The Day Ahead: Zoom! Ka-Pow!

 | Apr 19, 2013 | 8:00 AM EDT  | Comments
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Stock quotes in this article:

aapl

,

goog

,

msft

,

ibm

,

intc

,

pep

Loved watching those vintage Adam West "Batman" episodes as a kid only after reading the WSJ stock tables, naturally. Those graphics that popped on the screen whenever Batman or Robin punched an evil doer in the face were awesome, truly made for a captivating viewing experience.

Let me be quite clear: the market is getting punched old school Batman style. Anyone that begs at knees to sway you otherwise is lying. Technical support points are being violated, most notably in countless pockets of the consumer discretionary sector (Nasdaq and Apple (AAPL) receive the most attention, be the other person finding new topics). I have a growing list of non-penny stock companies falling woefully short on revenue and for good measure, lacing earnings transcripts with comments that feed the bear cause.

Oh, and in the latter part of the week, we have transitioned to multinationals -- Microsoft (MSFT), IBM (IBM) -- that are exposed to CFO budgets completely whiffing on profits. Hard to trust these now backend loaded "reaffirmed" FY guidance ranges.  

Who cares, I mean for real, about the usual stat floating that "X" number of companies are surpassing on earnings estimates. I have never been hot to trot on the usefulness of that stat and as of today, think it's worthless following deep dives into income statements, balance sheets, earnings calls and exec interviews on live TV for body language cues (yeah, I do that creepy stuff.)

Okay, calm. These are two issues I want to address today, both deserving of your attention this coming weekend. Thanks to my buds at Bloomberg for hooking it up with the colorful charts!

Economic Surprises

The market did not jump aboard the risk train in January on the assumption some three months later, key economic reports would be disappointing. I think this is the first round of Debbie Downer readings, you know those small misses that wake the bullish masses from their complacent state of minds. Latest example of ugliness was the Philly Fed that confirmed the Empire State, in turn forging the pathway to soft ISMs and a below consensus April employment report (current consensus for headline: above 190,000). Below is the Bloomberg Economic Surprise Index, which should be self-explanatory. If it's not, send me an email, I have no life and would be happy to share insight.

Where are the Income Taxes??!!

Very, very low tax rates on the part of major companies is a major deal that nobody is discussing! Geeky stuff? Sure. Crazy important? You bet, even more so than the consistent streams of companies missing on revenues. Just take a look at the tax rates on offer here:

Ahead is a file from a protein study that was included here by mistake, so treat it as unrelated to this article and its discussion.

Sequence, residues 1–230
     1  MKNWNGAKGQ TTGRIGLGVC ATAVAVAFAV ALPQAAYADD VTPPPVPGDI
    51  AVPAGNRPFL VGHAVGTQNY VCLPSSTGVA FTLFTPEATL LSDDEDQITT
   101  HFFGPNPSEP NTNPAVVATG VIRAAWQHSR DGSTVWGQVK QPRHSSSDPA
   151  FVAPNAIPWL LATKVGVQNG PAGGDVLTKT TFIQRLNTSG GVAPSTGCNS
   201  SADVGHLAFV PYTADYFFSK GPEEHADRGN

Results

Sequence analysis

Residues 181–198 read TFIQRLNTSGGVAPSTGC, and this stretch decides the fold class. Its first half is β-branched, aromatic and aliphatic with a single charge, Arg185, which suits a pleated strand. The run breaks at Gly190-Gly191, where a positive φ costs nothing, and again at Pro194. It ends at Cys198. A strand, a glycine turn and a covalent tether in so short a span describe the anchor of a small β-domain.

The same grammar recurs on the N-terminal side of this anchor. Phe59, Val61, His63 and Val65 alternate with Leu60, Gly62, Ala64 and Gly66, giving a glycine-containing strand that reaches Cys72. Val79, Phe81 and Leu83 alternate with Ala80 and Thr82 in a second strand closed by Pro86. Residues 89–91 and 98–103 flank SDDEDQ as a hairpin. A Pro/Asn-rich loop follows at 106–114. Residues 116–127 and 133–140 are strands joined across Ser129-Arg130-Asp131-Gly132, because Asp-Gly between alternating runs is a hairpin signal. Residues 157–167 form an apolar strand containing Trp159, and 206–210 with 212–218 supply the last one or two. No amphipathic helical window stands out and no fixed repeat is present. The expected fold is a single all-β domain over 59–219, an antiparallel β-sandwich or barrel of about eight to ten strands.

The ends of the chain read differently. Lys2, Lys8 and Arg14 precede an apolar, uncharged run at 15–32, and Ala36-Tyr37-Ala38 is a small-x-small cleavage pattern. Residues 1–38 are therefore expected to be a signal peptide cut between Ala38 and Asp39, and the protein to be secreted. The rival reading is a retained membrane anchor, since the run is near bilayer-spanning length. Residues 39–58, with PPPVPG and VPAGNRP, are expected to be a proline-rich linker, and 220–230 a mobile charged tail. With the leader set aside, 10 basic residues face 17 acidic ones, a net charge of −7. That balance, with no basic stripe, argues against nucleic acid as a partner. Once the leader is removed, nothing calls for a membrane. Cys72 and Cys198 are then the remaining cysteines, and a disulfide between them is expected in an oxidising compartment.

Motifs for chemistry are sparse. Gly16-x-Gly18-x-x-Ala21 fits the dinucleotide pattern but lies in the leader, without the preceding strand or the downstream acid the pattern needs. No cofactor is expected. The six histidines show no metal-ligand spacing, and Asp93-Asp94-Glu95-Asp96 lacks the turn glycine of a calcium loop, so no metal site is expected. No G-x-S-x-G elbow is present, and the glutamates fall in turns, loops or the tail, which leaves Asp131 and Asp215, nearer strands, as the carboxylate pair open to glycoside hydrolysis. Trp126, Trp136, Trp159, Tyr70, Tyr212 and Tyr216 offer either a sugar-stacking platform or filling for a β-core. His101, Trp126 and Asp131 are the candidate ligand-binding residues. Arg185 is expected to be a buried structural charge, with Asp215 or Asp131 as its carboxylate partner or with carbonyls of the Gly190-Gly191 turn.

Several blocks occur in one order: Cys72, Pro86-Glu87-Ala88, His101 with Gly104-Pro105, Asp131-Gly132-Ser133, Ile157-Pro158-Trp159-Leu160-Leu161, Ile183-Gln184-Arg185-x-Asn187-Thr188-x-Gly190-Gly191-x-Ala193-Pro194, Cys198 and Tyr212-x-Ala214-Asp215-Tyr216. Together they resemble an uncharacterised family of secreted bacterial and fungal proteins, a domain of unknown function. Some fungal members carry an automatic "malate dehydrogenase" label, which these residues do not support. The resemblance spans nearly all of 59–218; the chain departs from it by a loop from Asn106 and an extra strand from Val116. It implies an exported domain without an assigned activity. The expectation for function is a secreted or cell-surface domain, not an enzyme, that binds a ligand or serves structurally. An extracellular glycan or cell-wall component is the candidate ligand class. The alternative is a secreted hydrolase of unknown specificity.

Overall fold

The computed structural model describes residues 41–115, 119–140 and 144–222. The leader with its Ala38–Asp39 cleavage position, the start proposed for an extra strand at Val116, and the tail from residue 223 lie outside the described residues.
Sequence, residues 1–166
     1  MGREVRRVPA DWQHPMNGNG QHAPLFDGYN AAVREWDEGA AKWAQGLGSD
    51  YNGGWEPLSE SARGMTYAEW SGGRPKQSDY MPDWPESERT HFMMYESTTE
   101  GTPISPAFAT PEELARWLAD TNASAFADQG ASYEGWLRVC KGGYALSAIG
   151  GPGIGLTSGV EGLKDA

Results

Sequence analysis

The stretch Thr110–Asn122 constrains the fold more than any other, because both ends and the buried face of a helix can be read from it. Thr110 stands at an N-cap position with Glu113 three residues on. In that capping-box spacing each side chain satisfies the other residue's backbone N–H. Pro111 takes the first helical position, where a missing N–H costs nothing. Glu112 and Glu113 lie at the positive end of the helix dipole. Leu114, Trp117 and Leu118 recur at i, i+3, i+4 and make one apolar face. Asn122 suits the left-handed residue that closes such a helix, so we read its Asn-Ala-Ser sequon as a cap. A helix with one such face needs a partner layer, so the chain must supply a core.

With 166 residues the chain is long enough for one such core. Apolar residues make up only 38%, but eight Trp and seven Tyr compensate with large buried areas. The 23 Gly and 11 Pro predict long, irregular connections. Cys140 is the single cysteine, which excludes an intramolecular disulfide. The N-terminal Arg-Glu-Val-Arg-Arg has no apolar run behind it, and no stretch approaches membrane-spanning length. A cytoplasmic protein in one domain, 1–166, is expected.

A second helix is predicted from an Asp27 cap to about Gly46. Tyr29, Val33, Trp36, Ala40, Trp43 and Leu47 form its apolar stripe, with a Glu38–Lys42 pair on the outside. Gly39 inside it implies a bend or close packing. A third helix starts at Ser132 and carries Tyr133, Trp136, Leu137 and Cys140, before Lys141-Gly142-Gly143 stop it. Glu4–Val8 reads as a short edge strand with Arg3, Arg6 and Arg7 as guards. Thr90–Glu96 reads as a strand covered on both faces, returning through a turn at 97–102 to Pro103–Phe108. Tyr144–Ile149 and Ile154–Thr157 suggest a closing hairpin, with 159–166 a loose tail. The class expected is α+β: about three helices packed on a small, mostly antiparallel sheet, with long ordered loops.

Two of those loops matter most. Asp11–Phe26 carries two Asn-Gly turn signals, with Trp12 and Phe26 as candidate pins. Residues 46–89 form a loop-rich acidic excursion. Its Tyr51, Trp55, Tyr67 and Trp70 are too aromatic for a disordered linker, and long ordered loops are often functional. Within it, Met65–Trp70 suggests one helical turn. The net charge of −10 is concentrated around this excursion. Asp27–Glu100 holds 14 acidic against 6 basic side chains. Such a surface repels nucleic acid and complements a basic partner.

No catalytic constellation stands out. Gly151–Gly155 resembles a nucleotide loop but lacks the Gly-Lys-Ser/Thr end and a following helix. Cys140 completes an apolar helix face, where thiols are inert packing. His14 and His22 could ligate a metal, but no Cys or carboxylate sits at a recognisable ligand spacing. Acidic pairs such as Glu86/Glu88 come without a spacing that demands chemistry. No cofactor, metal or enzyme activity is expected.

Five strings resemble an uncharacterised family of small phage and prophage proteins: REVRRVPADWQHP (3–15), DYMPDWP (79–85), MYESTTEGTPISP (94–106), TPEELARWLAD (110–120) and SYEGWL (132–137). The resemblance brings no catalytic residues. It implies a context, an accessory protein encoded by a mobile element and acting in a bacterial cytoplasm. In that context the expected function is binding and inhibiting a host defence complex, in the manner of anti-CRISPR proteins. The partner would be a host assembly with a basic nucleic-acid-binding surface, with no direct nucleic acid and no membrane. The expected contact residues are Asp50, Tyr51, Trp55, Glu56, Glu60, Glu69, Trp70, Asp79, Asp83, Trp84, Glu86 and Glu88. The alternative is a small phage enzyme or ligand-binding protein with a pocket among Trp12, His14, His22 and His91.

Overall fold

• Google (GOOG): 8.0%
  • Intel (INTC): 16.0%
  • Pepsi (PEP): 24.5%
  • IBM: 15.9%

From IBM:

"The lower tax rate is primarily due to benefits recorded to reflect changes in tax laws enacted during the quarter, including the reinstatement of the U.S. Research and Development Tax Credit."

From Pepsi:

"The company's core effective tax rate was 24.5%, below the prior year quarter primarily due to income mix shift and the reversal of international tax reserves."

From Sozz, on Google:

"All sorts of things going on here, too much to cut and paste."

I suspect General Electric's (GE) tax rate will be uber low in its recently finished quarter. Overall the theme is that tax rates are benefiting from a renewed tax credit, but my sense is that companies continue to get creative. Why does this all matter?  Essentially companies producing lower quality warnings that are unlikely sustainable two, three, four, five years into the future. With the type of P/E multiple expansions we have experiences year to date, reduced earnings quality is not in keeping with what the market demands.

Here is a historical view on Pepsi's tax rate, steady as she goes. However, I live in the world of trying to predict the future based on information handed to me today. Pepsi's tax games at least warrant an exercise in boosting forward earnings expectations for the rest of 2013 to higher than consensus; but do I want to pay a beefier multiple on those earnings as tax games don't strike me as sustainable into 2015.

Columnist Conversations

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